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Communal Woodlover Grow log


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#3621 Seeker2be

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Posted 03 June 2019 - 10:10 PM

I cant remember if there has been any discussion on this thread about growing outside in containers like large flower pots but I have 5 going in addition to some outside beds.  Even though I made shoebox totes with wood chips and also sawdust bags I find that often in outside beds there is still grain present. and varmints will dig up the beds. .   Also slugs are a problem where I live and containers prevent them from invading for the most part.  Just some thoughts.


Edited by Seeker2be, 03 June 2019 - 10:12 PM.

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#3622 Heirloom

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Posted 04 June 2019 - 01:26 AM

seeker i was looking through this thread yesterday and saw flower pots square and round with fruit , i recall it only takes 2 or 3 liters of colonized chips to fruit of course ,more is better.

I saw you post about 5 years ago on page 13 or 14  here's a square flower pot or that's what I think it is, wavy caps. there's some smaller round pots with ovoids in here  among others totes too.

https://mycotopia.ne...row-log/page-15

peace



 


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#3623 Ferather

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Posted 04 June 2019 - 08:56 AM

I make cake-blocks, that I later remove and case in a larger container (such as a tub or large flower-tree pot).

You can add non-toxic slug pellets around and on the surface of the tub-pot colony.

 

Fruiting-w.png   Fruiting-f.png


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#3624 Seeker2be

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Posted 04 June 2019 - 10:55 AM

Cake blocks?  Thanks for the slug pellet suggestion.


Edited by Seeker2be, 04 June 2019 - 10:55 AM.

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#3625 Ferather

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Posted 04 June 2019 - 02:42 PM

Like in my illustration, the white rectangle is the block (colonized substrate in a tray-container, removed).

 

IMG_20170215_175545.jpg   IMG_20170303_133131.jpg   IMG_20170303_133141.jpg   IMG_20160720_101156.jpg   IMG_20160922_100345.jpg

 

I used wood rich compost and lime for my casing.


Edited by Ferather, 04 June 2019 - 02:44 PM.


#3626 Seeker2be

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Posted 02 July 2019 - 07:06 PM

There is nothing new under the sun it is said but there is an evolution of thought potentially for the individual who is open to it.  I have been working with Baeocystis a frustratingly slow grower on agar,etc and with Semilanceata (rare to cultivate unless there is a secret unknown to me)  The baeo is thought to be a secondary decomposer growing on rotting wood though a horse poo grow was documented by Workman on the "other" site....  I was thinking and thinking how to expand the cultures of each enough to get an amount to inoculate prospective beds/totes.  I have previously eschewed liquid cultures  due to risk of contams but with these two in liquid culture colonizes fine and are theoretically through redundantly inoculating patches and promising areas with the L/C may well.  Baeos grow poorly if not slowly on grain, not much on bran, not on earthgro (also tried rotting wood from the forest-nope) and slow on manure while Libs grow slow on grain.  One can do the same inoculation with colonized light agar in a quart jar making an Liquid inoculent, though as mention growith is slow on agar..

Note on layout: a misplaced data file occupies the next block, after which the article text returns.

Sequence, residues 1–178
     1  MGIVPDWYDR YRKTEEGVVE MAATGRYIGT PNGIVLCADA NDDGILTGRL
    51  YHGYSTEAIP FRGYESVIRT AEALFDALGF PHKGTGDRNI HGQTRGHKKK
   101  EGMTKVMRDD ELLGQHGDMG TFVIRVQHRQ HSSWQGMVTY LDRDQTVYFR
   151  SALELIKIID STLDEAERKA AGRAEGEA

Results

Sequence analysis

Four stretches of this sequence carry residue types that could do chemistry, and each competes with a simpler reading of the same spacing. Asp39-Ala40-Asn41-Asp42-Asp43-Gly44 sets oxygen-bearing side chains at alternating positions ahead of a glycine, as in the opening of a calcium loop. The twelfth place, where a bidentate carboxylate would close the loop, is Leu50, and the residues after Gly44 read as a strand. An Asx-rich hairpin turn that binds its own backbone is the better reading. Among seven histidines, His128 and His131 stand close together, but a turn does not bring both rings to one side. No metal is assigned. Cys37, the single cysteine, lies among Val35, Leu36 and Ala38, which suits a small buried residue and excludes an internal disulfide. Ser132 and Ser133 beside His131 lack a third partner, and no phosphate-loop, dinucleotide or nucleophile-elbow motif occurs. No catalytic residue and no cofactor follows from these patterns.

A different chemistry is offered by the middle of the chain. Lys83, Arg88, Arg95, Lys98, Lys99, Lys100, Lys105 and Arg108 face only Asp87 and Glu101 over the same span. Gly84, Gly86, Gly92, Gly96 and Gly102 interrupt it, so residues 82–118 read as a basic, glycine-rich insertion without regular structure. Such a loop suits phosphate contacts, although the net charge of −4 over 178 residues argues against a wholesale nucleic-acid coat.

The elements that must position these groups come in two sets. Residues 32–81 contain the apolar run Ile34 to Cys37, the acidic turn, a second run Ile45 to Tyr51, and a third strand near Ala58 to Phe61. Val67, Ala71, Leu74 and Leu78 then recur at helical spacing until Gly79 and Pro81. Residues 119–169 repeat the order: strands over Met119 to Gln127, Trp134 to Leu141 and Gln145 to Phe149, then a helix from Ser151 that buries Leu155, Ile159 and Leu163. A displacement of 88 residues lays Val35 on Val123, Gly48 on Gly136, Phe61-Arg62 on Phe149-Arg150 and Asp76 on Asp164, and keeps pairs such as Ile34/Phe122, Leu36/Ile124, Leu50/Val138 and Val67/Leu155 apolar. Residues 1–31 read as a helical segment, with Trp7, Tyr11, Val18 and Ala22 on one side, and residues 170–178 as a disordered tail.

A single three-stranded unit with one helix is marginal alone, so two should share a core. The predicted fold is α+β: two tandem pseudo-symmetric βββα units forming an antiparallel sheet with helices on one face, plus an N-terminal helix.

See the Semilanceata thread I am working on for my project to get that to fruit.



#3627 Seeker2be

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Posted 16 August 2019 - 07:04 PM

A woodlovers lamentation poem ala Dr Seuss: It does not grow on grain, It does not grow in the rain, It will not grow on earthgro, It does not need to grow.  It will not grow on chips and doesnt grow on sawdust dips.  It doesnt like straw but I pour the liquid culture in the raw.  It does like my bran/ I do not understand. It will not grow on poo and I wonder what you do.... Baeocystis


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#3628 hyphaenation

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Posted 16 August 2019 - 08:07 PM

Agar ?



#3629 Seeker2be

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Posted 16 August 2019 - 08:48 PM

Agar with MEA, OK, Agar with Bran sloooooow man, Agar with potatoes slow on the up go, Agar with wood water doesnt really matter.  I studied the habitat,  old wood at that and maybe grass borders with wood and poo, but who knew?  Liquid culture with karo and water and the mycelium grows as it oughter.  Go figure , may be a pasture with Trigger.


Edited by Seeker2be, 16 August 2019 - 08:52 PM.

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#3630 myancyan

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Posted 13 September 2019 - 10:01 PM

Any higher latitude folk finding woodlovers yet? Or any prepared beds showing promise?
I'm asking because temps in the north east of Vermont have been pretty close to optimal for a little over a week and we have optimal temps for the foreseeable future. Good luck mycophiles

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#3631 myancyan

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Posted 13 September 2019 - 10:02 PM

Any higher latitude folk finding woodlovers yet? Or any prepared beds showing promise?
I'm asking because temps in the north east of Vermont have been pretty close to optimal for a little over a week and we have optimal temps for the foreseeable future. Good luck mycophiles

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#3632 swayambhu

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Posted 16 September 2019 - 04:17 AM

Unusually early show from my cyanescens patch.

In the photos you will see a large white object in the background, which is an abandoned ceramic plant pot. It seems to have perhaps created a super micro climate which has prompted pinning? It is fully glazed and filled with water which might promote humidity and slightly lower temps??